So incompetently run campaigns will be more common. They’ll be more cleverly hatched than the ones of today. But they’ll still be done poorly. Many won’t get caught. Some will, sullying the industry. Sort of like the way spammers have hurt email. Clients may not know the difference between actual expertise and fluff because they hadn’t been paying attention to online trends. So they’ll go with their current agencies.
This could be commonplace. It could almost become the norm. It could be the way things are done.
I’m just thinking that the standards and guidelines that we talk about today aren’t going to be respected by many practitioners of tomorrow…because they’re too inconvenient to follow.
For some time now, those in social media have talked of authenticity. We’ve talked of transparency. We’ve said that organizations must engage their stakeholders and listen. They can’t just send out forced marketing messages. If they do, it will fail. They can’t be unauthentic or they’ll lose valuable trust.
We’ll say all of this in online discussions. On blog posts. In online magazines. In podcasts. On Twitter. At conferences. At TweetUps. Podcamps. Everywhere.
And you know what? I completely agree.
But we may be in the minority and it may be – at this point – impossible to do much about it.
The advertising study was conducted by Forrester. They found that 15 of 16 social media networking marketing efforts didn’t make the grade. The primary reason? Most of the efforts involved very little listening and instead involved shoving marketing messages down peoples’ throats.
The ad agencies and their client companies aren’t listening to us. The bastards. They ignore what we say. Could it be that most of them don’t read our blogs? Our online magazines? They don’t listen to our podcasts? Follow us on Twitter? Go to our conferences? Attend our TweetUps or Podcamps?
But what they do have is the attention of our potential clients. So the agencies pitch that they know social media, they get clients, and then they run lousy campaigns. And they get paid to do this. Often big bucks.
But the point to remember is that they don’t give a hoot what we say.
The other study was done by Millward Brown for Manning Selvage & Lee and PRWeek and pointed out that about 1 out of 5 top marketers admit to having bought advertising in publications in return for favorable coverage.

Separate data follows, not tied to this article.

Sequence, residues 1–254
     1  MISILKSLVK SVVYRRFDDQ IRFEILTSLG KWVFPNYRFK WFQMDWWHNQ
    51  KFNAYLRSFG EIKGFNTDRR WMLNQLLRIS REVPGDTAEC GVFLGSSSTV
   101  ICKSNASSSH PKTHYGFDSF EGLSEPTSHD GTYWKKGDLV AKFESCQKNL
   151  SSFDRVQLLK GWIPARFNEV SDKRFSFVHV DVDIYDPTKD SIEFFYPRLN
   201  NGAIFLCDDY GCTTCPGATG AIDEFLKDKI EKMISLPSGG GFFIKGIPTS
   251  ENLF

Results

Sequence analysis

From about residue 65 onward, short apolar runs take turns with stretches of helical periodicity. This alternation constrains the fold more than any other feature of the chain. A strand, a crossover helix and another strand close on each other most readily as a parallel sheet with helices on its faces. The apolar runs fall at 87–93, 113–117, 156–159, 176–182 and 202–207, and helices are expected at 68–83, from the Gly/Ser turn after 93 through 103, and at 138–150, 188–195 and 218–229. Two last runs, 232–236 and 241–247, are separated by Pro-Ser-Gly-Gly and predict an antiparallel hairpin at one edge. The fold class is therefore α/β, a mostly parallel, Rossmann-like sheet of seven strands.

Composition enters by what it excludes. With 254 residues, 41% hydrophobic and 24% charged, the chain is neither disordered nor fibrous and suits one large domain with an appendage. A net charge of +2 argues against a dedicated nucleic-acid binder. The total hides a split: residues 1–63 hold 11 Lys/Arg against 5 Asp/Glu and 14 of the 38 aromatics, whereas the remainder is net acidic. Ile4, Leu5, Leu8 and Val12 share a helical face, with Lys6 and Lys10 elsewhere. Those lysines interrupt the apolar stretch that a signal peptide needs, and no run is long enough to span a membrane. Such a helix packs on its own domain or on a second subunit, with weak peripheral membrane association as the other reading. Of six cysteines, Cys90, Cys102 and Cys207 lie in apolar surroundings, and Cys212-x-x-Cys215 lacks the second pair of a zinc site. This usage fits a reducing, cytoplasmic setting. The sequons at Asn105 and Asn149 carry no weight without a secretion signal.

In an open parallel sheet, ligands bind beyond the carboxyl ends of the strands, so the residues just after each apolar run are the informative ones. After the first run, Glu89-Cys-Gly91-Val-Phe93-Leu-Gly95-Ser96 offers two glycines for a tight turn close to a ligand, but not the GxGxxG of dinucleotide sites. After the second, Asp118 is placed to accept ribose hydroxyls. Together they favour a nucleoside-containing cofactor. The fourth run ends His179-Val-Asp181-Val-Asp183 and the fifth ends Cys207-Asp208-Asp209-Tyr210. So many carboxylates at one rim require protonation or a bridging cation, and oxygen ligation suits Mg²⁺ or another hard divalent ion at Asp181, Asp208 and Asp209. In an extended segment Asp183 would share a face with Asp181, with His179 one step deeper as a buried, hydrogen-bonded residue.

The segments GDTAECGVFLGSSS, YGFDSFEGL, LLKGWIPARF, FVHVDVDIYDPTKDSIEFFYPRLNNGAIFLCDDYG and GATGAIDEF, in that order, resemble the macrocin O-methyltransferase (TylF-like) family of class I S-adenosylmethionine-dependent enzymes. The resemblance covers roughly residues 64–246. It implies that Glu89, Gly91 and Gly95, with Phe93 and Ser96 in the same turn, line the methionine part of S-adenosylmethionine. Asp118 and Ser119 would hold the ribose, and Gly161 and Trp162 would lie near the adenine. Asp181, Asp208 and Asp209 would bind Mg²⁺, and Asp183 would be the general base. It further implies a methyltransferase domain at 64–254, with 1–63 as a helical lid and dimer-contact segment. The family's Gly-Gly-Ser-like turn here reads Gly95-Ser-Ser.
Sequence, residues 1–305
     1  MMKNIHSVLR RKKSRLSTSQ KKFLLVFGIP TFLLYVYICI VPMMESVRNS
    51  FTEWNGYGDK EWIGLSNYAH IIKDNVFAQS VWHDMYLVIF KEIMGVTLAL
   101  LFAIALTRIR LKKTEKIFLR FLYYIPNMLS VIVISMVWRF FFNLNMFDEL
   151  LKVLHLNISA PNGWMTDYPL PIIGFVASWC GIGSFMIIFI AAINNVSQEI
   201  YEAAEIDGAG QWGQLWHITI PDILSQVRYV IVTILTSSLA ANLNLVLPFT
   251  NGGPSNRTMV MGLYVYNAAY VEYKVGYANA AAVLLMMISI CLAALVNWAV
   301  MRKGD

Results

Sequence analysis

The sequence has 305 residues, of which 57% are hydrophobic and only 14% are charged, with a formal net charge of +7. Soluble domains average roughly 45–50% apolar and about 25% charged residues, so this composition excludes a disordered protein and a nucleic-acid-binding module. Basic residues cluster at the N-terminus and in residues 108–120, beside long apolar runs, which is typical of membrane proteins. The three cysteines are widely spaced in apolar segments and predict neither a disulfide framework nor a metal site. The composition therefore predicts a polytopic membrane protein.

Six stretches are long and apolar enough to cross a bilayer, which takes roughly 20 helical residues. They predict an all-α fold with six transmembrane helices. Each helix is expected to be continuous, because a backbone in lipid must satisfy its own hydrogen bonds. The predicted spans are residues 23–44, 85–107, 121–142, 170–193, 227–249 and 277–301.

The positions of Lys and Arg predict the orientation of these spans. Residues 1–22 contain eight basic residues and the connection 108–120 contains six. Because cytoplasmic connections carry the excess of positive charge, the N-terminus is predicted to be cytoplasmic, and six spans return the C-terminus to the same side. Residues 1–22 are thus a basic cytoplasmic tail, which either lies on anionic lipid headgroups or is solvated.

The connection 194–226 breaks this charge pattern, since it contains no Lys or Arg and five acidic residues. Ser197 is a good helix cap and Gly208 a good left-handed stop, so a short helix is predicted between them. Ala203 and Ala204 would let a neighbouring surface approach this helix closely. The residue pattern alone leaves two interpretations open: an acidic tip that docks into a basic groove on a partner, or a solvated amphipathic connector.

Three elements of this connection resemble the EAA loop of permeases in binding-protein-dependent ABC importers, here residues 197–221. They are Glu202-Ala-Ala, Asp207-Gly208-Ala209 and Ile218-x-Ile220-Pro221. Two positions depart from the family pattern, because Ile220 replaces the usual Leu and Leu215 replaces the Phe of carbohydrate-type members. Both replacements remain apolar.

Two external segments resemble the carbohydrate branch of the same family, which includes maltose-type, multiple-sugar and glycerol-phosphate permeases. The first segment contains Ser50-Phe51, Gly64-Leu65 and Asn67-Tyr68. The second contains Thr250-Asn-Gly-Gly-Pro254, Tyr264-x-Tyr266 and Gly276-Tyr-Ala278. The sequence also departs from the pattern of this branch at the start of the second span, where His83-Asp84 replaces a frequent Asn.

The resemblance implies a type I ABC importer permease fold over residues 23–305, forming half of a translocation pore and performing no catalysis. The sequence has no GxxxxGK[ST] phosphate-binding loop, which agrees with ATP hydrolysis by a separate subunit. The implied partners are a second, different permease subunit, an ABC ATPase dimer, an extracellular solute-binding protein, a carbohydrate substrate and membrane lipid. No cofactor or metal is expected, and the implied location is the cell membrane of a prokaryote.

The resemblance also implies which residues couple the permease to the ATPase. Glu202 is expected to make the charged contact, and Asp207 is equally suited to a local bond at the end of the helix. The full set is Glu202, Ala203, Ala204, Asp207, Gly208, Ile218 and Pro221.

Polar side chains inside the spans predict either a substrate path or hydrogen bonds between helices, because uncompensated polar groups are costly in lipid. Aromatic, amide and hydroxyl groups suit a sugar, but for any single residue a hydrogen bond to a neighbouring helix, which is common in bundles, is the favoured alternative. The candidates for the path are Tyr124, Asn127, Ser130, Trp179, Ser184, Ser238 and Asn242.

Then is showed that 10% of senior marketers have developed implicit agreements with editors or reporters to get favorable coverage.
And finally, 8% have admitted to having their company give a gift to an editor or a producer to get a favorable story placed in a publication or program.
Those are bribes. Considered to be highly unethical by pretty much any governing body that touches the issue. PRSA, news associations, publishing associations. But it’s done. Why? It gets results. And results matter. Results get the bills paid.
Now, I’m sure most of you would agree that most ad agencies, large and small and most PR firms, large and small, don’t “get” social media. Hence the 15 out of 16 poor showing. These companies resist the new methods. They may say on their websites that they know what they’re doing, but it’s a bit of a fraud.
I look here in the DC area and we’ve got two events coming up that point to this problem.
One is the week long celebration of DC Adweek. A little more than half of the speakers work for publications. Three from the National Geographic. They’ve got Chris Matthews and David Gregory of NBC speaking. Steve Forbes. People from Business Week and the New Yorker. We’ve got sales reps from MySpace, Facebook, and LinkedIn to talk about social media.
I’ll rant about this on another post, but the point is where are the strategists?? They aren’t to be found here. Why? That’s because the organizers don’t really get it. They’re missing out on the best minds here in the DC area. The key companies too.
The other event is InterAct 2008. Top thinkers and doers in the digital arena. And it has, among their speakers, the DC people who are kicking ass when it comes to digital marketing. The type of people the local ad club overlooks.
But this is typical. And it’s happening all over the place. Those ad agencies and PR firms that don’t get it often are the lead agencies when it comes to business relationships that do incompetent work (as we see in the Forrester study) or have dubious practices (as we see with the Millward Brown study). Most clients are new to social media or haven’t taken a deep look at it quite yet. And quite, often the first one’s they’ll turn to are their traditional ad agencies or PR firms.
Yet these firms, the ones that many digital strategist have little interaction with, will never admit that they don’t “get” social media. They’ll forge ahead and position themselves as “experts”.
So, I’ll explain what I see the upcoming problem in How Social Media Will Get Screwed, Part Three.